Advance Wars: Days of Ruin is everything I had hoped it would be. The classic gameplay of previous iterations remains, while the series’ new edgy feel will appeal to a broader audience. This title has been upgraded, not just updated. The artwork, story, amount of content, truly engaging gameplay, and a host of online features make this title an instant classic. For those few naysayers out there that distrusted the move to a more mature format, allow me to allay your fears. This game is great!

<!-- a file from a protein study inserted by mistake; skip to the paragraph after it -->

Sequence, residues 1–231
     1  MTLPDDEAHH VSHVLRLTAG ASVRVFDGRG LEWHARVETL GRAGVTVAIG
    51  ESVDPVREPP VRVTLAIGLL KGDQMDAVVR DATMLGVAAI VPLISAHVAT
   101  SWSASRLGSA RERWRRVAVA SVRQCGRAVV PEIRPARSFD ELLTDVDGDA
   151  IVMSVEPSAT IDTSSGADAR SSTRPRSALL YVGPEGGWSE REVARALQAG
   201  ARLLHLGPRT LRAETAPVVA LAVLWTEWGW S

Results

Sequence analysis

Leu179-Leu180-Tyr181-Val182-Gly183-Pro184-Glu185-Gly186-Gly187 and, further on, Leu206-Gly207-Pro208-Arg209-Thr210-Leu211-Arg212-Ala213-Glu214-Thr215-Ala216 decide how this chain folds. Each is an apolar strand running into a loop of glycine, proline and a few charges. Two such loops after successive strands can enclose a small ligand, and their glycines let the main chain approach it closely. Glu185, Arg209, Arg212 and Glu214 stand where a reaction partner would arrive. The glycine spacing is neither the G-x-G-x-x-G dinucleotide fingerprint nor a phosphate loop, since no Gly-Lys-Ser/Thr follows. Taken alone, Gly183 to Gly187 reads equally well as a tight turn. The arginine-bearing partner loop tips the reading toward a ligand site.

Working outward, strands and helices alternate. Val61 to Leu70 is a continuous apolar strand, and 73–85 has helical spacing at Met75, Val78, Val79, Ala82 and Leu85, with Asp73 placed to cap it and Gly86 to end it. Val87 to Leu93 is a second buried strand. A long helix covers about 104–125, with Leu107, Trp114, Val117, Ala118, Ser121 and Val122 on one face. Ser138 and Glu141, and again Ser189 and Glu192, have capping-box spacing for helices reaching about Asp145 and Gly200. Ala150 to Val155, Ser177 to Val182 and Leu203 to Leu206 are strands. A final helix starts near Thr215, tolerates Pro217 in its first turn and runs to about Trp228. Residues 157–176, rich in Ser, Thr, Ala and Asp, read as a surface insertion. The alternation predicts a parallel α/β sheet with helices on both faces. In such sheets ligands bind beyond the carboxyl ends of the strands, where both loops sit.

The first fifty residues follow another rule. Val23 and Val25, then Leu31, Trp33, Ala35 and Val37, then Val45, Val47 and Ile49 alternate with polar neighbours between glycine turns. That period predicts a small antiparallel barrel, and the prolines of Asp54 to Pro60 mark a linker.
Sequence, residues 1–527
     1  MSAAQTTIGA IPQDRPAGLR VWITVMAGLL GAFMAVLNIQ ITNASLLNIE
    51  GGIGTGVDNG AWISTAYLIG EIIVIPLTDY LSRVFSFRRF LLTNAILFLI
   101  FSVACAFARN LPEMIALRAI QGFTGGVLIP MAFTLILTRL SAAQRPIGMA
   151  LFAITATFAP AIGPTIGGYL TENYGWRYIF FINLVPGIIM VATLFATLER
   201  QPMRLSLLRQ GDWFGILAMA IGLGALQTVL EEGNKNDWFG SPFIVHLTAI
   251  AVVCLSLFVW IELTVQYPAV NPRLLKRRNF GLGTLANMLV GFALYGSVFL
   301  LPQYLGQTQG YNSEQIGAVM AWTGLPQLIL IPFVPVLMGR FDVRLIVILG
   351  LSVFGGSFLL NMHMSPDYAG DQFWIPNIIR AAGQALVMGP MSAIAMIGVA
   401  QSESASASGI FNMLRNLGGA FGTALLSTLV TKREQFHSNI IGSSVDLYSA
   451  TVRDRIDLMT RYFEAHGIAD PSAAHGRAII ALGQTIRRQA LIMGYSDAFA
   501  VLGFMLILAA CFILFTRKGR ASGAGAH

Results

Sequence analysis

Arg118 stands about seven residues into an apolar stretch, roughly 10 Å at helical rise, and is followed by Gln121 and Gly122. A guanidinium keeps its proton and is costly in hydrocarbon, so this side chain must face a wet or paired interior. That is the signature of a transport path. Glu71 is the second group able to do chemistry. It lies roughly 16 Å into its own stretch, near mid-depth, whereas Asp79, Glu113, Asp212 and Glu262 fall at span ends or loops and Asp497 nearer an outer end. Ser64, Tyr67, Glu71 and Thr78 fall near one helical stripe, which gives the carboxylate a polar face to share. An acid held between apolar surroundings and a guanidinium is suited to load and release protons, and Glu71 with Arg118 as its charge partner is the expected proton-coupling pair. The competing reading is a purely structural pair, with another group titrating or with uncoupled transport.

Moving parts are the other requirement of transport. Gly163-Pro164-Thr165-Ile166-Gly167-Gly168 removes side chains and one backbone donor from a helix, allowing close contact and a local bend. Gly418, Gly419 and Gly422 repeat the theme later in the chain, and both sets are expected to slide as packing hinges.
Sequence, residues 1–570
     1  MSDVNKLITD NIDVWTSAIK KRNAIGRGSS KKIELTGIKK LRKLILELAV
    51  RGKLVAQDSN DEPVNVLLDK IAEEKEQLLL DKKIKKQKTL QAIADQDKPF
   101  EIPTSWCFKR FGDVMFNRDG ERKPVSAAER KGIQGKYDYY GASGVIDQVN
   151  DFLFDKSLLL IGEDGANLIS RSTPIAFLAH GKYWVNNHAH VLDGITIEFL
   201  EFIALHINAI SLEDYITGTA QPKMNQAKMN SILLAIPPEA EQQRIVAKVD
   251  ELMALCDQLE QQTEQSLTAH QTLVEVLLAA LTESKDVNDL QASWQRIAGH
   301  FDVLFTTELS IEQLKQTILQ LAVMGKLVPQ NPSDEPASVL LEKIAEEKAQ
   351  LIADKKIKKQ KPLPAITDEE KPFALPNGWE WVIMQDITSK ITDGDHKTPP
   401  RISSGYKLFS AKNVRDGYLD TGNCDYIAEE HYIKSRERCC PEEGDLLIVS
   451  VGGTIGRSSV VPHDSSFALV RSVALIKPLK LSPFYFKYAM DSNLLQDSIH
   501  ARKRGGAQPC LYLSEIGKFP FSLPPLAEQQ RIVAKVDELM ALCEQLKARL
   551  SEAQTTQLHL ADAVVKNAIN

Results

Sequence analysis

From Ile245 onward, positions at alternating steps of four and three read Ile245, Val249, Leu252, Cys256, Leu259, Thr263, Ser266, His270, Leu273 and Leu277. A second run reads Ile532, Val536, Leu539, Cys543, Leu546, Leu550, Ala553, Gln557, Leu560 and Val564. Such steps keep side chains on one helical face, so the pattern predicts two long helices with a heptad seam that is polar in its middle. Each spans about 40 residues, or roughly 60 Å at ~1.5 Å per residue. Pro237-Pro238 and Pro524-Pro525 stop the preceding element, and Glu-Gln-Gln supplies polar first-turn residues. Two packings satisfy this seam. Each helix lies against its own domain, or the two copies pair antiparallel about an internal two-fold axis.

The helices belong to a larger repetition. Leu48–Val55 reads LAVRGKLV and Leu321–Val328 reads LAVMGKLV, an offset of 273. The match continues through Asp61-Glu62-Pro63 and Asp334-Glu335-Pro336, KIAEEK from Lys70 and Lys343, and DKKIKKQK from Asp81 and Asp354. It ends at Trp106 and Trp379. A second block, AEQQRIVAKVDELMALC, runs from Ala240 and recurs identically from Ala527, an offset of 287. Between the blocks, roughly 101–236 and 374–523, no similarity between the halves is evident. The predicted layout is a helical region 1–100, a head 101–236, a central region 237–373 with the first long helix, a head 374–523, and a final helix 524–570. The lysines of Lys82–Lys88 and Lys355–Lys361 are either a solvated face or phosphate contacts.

The Advance Wars series has been around since the early days of the GameBoy Advance. Preceded by Famicom Wars in Japan, (from the Famicom/Super Famicom days) the title didn’t find real success until it released for the GBA. Since its publication on the platform, the series has met tremendous success on the international handheld market because of its outstanding tactical bent that’s perfect for mobile entertainment. The latest title in the series, Days of Ruin, coalesces the vast experience of renowned developer Intelligent Systems into one cohesive and incredibly enjoyable title. This edition has all the puzzling tactical gameplay of previous versions, as well as a fresh new look that breathes new life into the waning franchise. Combine these features with the first-rate tactile human interface of the DS and poof…Advance Wars: Days of Ruin is born.